Sunshine Sento Sake & the Senses
A couple of months back I discovered the Japanese TV series, Sunshine Sento Sake. I had read a small blurb about it recently in some philosophy book I was leafing through, and decided to give it a try. It’s streaming for free on Amazon Prime now.
At first I wasn’t sure what I was watching. The show is deliberately slow and formulaic. In each episode, the main character, Takayuki, a salary man, struggles in his sales job. He spends his time cold-calling businesses across different Tokyo neighborhoods, and each time stumbles upon a Sento – a traditional Japanese bath house. The bulk of the episode is comprised of him skipping work for a mid-day indulgence to the Sento and then enjoying a meal and a cold beer afterwards, before he inevitably gets pulled back into the orbit of corporate life.
In a way the show acts like a travel guide as you get to see different parts of Tokyo and develop an appreciation for Sento. But the hook of the show runs much deeper, hence why it was mentioned in a serious book. To me its a meditation on the sensual world. When we see Takayuki in the corporate world of quotas and competition he is constantly stressed and unsure – he is stuck in his head. But as he enters the Sento he becomes fully absorbed into his environment, appreciating and finding pleasure in all its detail. The tension in the show is the guilt he feels in allowing himself this pleasure – the shift from mind to body.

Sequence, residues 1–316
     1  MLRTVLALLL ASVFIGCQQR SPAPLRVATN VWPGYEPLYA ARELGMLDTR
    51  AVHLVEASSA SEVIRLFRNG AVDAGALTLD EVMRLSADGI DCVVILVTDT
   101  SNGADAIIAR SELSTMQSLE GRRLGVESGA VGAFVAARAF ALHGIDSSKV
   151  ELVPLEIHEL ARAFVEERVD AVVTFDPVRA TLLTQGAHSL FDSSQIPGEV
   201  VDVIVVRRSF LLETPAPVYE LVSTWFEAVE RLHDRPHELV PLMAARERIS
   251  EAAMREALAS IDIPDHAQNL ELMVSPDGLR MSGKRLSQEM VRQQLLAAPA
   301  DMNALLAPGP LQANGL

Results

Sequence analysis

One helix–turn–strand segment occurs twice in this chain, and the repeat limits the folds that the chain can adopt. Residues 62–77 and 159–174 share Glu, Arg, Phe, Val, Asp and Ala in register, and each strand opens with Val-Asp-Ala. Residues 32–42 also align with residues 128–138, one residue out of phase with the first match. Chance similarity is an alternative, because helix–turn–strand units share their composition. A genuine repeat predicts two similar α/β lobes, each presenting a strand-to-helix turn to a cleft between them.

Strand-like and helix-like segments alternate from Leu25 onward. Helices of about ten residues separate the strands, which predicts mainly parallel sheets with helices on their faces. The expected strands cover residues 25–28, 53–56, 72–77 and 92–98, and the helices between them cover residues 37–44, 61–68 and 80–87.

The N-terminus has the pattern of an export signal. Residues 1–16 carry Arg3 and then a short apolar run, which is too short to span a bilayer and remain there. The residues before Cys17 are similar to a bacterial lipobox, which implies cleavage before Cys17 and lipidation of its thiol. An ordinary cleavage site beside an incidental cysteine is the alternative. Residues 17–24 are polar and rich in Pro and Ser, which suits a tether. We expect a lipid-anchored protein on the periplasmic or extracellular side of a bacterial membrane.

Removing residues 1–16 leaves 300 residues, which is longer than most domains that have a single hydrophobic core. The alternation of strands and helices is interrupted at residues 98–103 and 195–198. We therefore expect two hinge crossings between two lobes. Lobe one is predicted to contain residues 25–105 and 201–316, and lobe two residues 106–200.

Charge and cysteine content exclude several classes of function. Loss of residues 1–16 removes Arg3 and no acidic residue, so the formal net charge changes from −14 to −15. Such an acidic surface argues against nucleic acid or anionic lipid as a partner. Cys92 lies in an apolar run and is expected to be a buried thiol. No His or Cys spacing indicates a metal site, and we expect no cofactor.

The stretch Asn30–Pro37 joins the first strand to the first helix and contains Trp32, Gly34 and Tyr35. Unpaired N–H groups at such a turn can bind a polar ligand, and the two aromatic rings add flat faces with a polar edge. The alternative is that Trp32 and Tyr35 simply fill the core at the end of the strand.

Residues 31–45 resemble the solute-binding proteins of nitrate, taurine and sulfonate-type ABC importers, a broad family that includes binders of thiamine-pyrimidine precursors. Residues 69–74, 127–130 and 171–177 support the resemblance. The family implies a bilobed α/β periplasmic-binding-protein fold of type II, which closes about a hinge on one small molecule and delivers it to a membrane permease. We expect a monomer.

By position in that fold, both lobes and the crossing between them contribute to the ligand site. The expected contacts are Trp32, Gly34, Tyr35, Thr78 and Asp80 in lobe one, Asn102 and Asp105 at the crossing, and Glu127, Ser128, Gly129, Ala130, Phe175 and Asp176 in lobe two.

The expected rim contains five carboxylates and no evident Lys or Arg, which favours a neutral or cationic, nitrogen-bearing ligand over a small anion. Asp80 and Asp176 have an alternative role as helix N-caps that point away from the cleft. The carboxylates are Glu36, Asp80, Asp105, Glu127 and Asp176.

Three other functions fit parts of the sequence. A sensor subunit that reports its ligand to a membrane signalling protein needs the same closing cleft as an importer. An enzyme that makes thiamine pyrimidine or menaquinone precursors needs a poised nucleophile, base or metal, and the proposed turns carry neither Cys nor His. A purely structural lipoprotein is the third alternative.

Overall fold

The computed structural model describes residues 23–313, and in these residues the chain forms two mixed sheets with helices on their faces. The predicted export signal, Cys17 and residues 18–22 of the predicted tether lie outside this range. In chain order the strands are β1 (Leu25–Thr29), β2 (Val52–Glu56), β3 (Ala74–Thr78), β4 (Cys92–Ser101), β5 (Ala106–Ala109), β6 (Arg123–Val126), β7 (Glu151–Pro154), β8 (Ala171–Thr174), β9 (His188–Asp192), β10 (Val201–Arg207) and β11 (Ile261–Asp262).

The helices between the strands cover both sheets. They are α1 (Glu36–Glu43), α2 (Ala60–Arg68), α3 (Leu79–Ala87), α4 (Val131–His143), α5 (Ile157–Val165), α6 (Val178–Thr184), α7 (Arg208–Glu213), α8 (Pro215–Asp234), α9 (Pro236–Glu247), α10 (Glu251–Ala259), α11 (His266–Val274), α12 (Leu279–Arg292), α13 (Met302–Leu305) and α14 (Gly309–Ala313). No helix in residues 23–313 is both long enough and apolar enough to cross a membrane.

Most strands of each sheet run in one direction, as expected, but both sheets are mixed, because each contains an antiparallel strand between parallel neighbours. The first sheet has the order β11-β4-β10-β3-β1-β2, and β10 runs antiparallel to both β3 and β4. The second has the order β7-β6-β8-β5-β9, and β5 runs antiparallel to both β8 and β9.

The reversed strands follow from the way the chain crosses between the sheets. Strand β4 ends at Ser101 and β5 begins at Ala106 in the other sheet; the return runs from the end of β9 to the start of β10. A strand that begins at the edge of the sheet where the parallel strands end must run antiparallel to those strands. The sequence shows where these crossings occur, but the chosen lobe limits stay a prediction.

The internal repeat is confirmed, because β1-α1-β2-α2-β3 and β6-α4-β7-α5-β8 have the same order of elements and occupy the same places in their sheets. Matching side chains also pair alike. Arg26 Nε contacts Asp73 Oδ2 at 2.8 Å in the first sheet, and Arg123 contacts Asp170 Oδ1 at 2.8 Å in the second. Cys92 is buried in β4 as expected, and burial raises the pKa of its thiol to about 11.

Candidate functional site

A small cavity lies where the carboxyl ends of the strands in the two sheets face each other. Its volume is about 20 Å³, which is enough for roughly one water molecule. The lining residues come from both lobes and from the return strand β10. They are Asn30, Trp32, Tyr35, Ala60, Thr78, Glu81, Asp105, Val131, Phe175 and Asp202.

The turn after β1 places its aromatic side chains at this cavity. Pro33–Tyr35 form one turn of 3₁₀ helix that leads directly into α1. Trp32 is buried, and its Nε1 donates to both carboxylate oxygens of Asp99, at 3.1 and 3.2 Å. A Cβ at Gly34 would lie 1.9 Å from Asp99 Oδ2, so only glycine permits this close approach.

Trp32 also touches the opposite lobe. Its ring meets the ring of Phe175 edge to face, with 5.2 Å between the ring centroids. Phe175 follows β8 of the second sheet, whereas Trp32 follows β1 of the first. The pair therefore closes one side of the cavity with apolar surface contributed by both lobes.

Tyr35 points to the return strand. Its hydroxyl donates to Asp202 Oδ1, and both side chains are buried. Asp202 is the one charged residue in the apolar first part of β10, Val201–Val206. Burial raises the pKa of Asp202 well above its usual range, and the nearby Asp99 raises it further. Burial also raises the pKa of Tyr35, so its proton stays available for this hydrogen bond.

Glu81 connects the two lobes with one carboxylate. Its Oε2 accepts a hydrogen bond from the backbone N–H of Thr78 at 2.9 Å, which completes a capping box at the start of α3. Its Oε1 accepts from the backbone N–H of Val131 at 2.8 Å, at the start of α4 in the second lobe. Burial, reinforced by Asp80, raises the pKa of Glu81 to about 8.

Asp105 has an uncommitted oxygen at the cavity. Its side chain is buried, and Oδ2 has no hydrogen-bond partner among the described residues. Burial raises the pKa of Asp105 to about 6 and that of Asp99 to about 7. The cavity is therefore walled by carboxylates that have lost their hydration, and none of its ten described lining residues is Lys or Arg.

I think if you end up appreciating this show like I do, it means that to some extent you’re grappling with the same things. We may struggle to become fully absorbed in our senses, both out of being busy and also a sense of guilt that were being unproductive.
I’d definitely recommend giving the show a watch, and another similar one I recently discovered on Netflix called Samurai Gourmet. And then maybe afterwards treat yourself to a cold, mid-day beer.
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